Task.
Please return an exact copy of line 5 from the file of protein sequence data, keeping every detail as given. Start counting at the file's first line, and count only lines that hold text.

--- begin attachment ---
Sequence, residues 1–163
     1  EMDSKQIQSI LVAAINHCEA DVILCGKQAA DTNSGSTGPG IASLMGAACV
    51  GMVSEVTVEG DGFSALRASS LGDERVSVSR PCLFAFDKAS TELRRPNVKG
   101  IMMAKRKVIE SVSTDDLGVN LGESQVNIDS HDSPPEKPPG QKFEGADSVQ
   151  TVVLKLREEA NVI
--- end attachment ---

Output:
   151  TVVLKLREEA NVI